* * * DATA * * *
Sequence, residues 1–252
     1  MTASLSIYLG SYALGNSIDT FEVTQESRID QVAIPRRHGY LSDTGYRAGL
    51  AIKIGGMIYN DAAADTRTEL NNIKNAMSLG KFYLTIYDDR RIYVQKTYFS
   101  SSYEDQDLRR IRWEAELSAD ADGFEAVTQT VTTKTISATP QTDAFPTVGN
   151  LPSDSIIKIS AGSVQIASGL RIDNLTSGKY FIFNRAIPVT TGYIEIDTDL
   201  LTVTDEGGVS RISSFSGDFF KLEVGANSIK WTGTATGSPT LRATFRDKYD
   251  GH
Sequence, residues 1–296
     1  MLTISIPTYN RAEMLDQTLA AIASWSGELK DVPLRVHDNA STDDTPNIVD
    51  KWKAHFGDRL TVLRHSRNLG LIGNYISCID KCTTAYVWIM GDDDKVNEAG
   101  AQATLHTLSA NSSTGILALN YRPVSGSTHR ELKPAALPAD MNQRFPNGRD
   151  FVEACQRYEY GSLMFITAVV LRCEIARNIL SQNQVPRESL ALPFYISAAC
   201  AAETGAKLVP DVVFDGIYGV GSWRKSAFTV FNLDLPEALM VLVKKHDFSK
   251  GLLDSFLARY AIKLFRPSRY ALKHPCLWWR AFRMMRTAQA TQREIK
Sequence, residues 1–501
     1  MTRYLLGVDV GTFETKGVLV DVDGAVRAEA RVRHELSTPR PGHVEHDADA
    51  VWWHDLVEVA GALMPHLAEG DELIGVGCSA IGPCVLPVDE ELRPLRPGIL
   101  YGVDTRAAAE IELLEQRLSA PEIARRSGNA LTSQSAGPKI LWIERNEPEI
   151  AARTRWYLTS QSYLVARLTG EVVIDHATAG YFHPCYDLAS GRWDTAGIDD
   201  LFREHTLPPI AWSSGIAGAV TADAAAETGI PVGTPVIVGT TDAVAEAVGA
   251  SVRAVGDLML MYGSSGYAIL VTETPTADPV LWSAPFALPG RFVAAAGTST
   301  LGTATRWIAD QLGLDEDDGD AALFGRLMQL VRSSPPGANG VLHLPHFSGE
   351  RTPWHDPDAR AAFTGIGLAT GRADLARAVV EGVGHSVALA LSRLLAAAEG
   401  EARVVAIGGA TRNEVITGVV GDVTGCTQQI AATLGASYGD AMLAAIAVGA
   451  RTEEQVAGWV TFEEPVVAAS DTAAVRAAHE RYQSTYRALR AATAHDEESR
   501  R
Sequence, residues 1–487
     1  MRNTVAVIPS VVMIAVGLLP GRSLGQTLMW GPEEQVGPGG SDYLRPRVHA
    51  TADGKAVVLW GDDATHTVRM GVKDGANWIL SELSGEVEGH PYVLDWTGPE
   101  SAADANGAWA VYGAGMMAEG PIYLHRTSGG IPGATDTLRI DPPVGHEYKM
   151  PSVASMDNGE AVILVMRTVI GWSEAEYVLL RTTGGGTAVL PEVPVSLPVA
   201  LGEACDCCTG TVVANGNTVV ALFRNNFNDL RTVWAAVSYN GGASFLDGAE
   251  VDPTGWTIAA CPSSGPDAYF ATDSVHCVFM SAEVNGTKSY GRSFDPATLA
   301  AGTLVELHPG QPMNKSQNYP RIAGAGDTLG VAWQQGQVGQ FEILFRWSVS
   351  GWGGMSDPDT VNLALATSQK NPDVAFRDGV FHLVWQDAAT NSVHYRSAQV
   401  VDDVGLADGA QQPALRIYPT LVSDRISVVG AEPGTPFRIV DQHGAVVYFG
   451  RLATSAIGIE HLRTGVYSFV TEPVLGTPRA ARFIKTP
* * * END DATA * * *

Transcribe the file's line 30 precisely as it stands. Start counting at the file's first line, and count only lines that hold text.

   101  SAADANGAWA VYGAGMMAEG PIYLHRTSGG IPGATDTLRI DPPVGHEYKM